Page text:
Percent by weight N21 O 50.25 CO 14.7 P 0 2.79 SiO 11.25 H O 19.6

A solution of .this compound has a pH of about 12:at a concentration of an ounce per gallon. This is quite strongly alkaline. The solution removed oil from the safety glass, but badly etched the glass.

Although various specific solutions-have been described herein, it should be emphasized that-the essential ingredients are dihydrogen phosphate and detergent. :The othercomponents are of advantage in specific cases, but

are not required inlthe practice of the method.

Having thus described my invention, I claim: 1. In a method of removing organic material "from the surface of uninstalled safety glass, said safety glass containing a plasticmaterial which is subject to.attack if contacted by organic .oil-andgrease solvents, said plastic material being partially exposed.- along an edge of said safety glass and said safety glass having a shape other than a fiat plane, the step which comprises spraying against the surface of said glass an aqueous acidic solution of an alkali metal dihydrogen phosphate having a pH of about 3-7.

2. In a method of removing organic material from the surface of uninstalled safety glass said safety glass containing a plastic material which is subject to attack if contacted by organic oil and grease solvents, said plastic material being partially exposed along an edge of said safety glass and said safety glass having a shape other than a fiat plane, the step which comprises spraying against the surface of said glass an aqueous acidic solution of monosodium phosphate having a pH of about 3-7.

3. The method defined in claim 2, wherein said solution contains a small proportion of a surface active agent selected from the group consisting of alkyl phenoxy polyoxyethylene ethanol, sodium dodecyl benzene sulfonate,

alkyl benzoxy polyoxyethylene ethanol, the sodium salt of ethylene diamine tetraacetic acid and polyethylene glycol alkyl aryl ether.

References Cited in the file of this patent UNITED STATES PATENTS 2,109,575 Parsons et al. Mar. 1, 1938 2,316,220 Brown et al Apr. 13, 1943 2,524,380 Flaxman Oct. 3, 1950 2,609,308 Gibson Sept. 2, 1952 OTHER REFERENCES Chemical Formulary, Bennett, Chem. Pub. Co., New York, vol. 6 (1943), page 482.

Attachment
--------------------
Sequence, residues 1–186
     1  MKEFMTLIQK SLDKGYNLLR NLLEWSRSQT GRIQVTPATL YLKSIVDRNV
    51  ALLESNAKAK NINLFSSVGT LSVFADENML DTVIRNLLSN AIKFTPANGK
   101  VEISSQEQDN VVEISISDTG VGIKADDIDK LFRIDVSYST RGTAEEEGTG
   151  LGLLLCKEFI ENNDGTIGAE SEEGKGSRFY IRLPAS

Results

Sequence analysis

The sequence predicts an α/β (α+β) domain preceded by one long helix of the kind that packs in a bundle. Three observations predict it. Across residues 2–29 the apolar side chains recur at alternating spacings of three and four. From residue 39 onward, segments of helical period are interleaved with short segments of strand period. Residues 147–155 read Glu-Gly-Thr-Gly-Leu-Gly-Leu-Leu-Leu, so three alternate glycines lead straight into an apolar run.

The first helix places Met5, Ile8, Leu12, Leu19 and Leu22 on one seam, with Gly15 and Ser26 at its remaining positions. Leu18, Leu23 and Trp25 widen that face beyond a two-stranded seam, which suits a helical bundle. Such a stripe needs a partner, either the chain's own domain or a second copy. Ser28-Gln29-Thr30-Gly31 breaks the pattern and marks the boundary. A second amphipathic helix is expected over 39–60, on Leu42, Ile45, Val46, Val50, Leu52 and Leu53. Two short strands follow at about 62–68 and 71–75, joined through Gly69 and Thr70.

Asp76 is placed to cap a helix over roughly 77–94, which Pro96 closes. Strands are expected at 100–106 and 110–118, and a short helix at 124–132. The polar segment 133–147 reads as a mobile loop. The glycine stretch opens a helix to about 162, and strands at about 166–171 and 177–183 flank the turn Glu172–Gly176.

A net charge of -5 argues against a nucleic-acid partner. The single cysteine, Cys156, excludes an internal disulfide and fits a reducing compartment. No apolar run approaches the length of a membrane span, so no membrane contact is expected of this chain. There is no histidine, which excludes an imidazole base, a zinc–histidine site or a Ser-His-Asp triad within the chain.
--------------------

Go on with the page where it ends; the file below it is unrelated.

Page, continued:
Condensed Chemical Dictionary, Reinhold Pub. Co.,

4th ed., 1950, pp. 611-612.

Chemical Formulary, Bennett, vol. IX, p. 515, Chemical Pub. Co., Inc., N. Y. 1951

Patent Citations
Cited PatentFiling datePublication dateApplicantTitle
US2109575 *Dec 19, 1936Mar 1, 1938Ind Patents CorpMethod of removing oil from eggs
US2316220 *Apr 22, 1939Apr 13, 1943Aluminum Co Of AmericaComposition for cleaning aluminum
US2524380 *Dec 19, 1945Oct 3, 1950 Glass cleaning composition
US2609308 *Nov 22, 1947Sep 2, 1952Parker Rust Proof CoMethod and material for producing coatings on metal
Referenced by
Citing PatentFiling datePublication dateApplicantTitle
US3154497 *Mar 21, 1962Oct 27, 1964Abraham MankowichMethod of improving the storage properties of alkaline detergent compositions
US3211659 *Oct 2, 1961Oct 12, 1965Purex Corp LtdProcess and compositions for cleaning shell eggs
US3218260 *Jun 15, 1960Nov 16, 1965Bonewitz Chemicals IncCleaner
US3305577 *Aug 1, 1963Feb 21, 1967Henkel & Cie GmbhStorage stable fatty alcohol sulfates and method of manufacture
US3352787 *Dec 11, 1963Nov 14, 1967Grace W R & CoInhibition of plastic crazing
US3754967 *Jun 18, 1971Aug 28, 1973Dow CorningMethod of adhering silicone rubber to metal surfaces using salts
US3867198 *Jun 13, 1973Feb 18, 1975Formica CorpMethod of cleaning the surface of a decorative plastic laminate
US3887392 *Nov 23, 1973Jun 3, 1975Gen Diode CorpMaterial treatment method
US4496470 *Jan 12, 1982Jan 29, 1985The B. F. Goodrich CompanyCleaning composition
US4501680 *Nov 9, 1983Feb 26, 1985Colgate-Palmolive CompanyAcidic liquid detergent composition for cleaning ceramic tiles without eroding grout
US4935158 *Oct 30, 1986Jun 19, 1990Aszman Harry WSolid detergent cleaning composition, reusable cleaning pad containing same and method of manufacture
US5164018 *Mar 18, 1992Nov 17, 1992Barcelona Jr Russell LWater-spot remover containing hydrofluoric acid, ammonium fluoride, and an alcohol
US5221359 *Apr 8, 1992Jun 22, 1993Peter KaupertWood bleaching and cleaning composition containing an acid pyrophosphate
USRE30796 *Sep 14, 1978Nov 17, 1981The Dow Chemical Co.Scale removal, ferrous metal passivation and compositions therefor
U.S. Classification134/34, 510/426, 134/36, 134/3, 510/421, 134/42, 510/434, 134/40, 510/108, 510/181
International ClassificationC11D7/16, C11D7/02
Cooperative ClassificationC11D7/16
European ClassificationC11D7/16